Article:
Having an interest free credit card can give you access to days where you will make a purchase and you won’t be charged interest for it. It is a nifty piece of plastic that can help people manage their finances, especially if they will be using the card to make important purchases. But to make the most of your card there are a few things that you need to know.
What are interest free days?
Knowing how an interest free credit card works is essential to making the most of it. Most credit cards give cardholders anything between 44 to 55 days in interest free days. The catch to mastering your interest free credit card is that you need to pay your closing balance in full at the end of each month.
How is it calculated?
Each statement period usually runs for about 30 days and has 25 days from when your statement period finishes to the payment due date. This will make 55 days of when the interest-free period will be effective. However, there are some cards that offer a minimum number of interest free days which go up to 25 days. Depending on when your statement period begins this will affect the number of days.
For example: If your statement period begins in 1st date of the month, and the last day of statement is on the 30th, then your due date for payment will be on 25th. This will give you access to 55 interest free dates which will be effective on 1st and end on the 25th when your payment is due.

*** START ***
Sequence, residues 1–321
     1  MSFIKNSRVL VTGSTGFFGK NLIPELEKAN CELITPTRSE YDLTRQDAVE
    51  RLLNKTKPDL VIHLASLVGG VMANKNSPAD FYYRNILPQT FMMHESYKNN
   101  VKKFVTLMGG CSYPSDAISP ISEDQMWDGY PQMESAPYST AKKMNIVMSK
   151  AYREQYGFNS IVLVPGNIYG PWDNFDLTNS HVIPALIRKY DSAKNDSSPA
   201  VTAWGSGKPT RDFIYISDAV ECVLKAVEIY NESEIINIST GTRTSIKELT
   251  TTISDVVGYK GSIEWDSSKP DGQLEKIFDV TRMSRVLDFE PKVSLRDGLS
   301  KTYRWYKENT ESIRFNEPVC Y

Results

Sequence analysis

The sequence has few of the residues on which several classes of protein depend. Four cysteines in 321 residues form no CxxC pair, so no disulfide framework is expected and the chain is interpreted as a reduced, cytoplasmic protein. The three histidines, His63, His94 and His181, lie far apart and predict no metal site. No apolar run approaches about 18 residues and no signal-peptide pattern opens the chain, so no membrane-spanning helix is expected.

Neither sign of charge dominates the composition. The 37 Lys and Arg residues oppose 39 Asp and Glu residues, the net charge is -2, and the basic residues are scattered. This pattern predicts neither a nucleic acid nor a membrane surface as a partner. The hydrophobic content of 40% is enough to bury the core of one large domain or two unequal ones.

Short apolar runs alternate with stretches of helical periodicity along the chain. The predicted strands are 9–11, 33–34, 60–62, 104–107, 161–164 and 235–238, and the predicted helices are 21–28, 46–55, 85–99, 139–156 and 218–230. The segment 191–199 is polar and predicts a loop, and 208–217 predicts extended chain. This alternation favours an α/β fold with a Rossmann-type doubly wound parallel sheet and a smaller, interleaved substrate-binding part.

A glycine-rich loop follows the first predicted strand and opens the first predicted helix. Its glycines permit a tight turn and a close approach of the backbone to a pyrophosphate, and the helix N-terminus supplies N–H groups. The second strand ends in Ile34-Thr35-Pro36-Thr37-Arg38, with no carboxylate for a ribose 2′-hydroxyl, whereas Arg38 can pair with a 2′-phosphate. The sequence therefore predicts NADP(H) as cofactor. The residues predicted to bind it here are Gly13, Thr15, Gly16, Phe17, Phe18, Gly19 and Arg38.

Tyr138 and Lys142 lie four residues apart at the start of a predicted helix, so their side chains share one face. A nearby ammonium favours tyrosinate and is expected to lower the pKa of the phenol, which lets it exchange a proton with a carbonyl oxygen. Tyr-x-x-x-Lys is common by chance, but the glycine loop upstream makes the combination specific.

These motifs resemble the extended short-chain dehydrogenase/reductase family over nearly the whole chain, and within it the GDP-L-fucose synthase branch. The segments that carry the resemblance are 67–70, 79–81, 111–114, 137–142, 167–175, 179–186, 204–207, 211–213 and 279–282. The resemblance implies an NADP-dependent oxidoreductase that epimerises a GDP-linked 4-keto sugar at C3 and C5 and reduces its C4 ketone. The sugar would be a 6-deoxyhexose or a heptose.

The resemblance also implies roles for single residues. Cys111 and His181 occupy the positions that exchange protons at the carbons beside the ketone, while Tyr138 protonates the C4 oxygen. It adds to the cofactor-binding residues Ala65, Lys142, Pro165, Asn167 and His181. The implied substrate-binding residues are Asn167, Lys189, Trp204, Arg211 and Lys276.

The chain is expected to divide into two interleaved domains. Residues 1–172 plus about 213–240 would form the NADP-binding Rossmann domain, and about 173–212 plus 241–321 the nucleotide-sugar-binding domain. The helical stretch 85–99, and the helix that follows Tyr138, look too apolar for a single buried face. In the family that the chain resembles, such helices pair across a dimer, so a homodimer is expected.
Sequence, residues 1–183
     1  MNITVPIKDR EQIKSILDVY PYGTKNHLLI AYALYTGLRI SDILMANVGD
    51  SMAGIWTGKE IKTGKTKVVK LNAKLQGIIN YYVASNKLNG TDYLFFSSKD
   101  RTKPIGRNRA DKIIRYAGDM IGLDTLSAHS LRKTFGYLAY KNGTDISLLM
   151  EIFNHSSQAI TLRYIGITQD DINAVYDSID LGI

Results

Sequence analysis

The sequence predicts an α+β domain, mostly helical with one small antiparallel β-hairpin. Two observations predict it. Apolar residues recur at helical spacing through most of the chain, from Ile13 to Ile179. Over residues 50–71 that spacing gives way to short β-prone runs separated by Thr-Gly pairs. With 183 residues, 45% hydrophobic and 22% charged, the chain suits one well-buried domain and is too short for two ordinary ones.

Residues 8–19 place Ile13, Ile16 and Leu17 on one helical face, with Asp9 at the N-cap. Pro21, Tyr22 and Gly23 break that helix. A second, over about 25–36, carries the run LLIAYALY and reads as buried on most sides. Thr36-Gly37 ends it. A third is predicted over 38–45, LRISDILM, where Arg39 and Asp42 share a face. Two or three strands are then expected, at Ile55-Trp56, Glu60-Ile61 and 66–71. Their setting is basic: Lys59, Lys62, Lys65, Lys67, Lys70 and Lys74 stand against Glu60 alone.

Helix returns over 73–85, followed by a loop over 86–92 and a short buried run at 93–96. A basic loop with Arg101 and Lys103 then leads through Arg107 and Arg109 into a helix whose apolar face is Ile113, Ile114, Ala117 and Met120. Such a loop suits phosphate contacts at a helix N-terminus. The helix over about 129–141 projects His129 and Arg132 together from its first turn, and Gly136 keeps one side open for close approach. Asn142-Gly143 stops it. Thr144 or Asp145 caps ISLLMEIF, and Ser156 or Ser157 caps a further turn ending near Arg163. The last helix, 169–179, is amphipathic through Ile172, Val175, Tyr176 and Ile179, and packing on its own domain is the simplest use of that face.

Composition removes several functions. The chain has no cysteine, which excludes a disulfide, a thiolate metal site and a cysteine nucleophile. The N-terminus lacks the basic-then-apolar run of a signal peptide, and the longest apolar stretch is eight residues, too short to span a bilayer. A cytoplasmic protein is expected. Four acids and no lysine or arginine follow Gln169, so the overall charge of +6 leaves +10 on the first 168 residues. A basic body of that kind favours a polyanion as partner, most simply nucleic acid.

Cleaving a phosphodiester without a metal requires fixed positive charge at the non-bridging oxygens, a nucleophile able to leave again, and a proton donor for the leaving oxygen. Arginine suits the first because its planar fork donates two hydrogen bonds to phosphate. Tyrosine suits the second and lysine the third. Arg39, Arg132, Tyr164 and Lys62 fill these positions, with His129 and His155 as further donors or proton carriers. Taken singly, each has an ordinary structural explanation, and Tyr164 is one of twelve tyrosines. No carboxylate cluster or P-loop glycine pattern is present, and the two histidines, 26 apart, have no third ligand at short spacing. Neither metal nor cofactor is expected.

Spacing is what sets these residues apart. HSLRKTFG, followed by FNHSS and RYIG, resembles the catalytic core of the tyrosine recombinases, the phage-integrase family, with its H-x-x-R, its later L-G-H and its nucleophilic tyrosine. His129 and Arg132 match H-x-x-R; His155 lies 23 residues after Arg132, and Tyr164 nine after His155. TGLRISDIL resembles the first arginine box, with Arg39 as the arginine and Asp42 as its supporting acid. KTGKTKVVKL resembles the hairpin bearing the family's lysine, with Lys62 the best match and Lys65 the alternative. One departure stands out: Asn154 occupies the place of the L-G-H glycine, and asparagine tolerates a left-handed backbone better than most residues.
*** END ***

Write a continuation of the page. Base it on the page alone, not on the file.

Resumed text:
Why get an interest free credit card?
An interest free credit card tends to be handy for people who are in a tight squeeze financially or people who need to make important purchases without attracting a hefty interest rate. The card can essential help people manage to spread the costs of a large purchase over several months or for as long as the
interest free days allow them to. However, it is vital that you check the fine print so that you do not break the terms of the card.
How can I make it work for me?
An interest free credit card can be useful if used correctly. But if you not used correctly and your card has late payments you could end up paying high fees. What you can do is:
- Pay out your balances in full in each month
- Make eligible purchase according to the card and avoid making cash advance transactions
- Have your payments automated so that you don’t skip making a payment
- Budget around the card for bigger payments so that you give yourself time to pay it off
Before you take out an interest free credit card it is vital that you assess whether you will be able to pay off all balances before the interest free period ends and reverts to a higher interest rate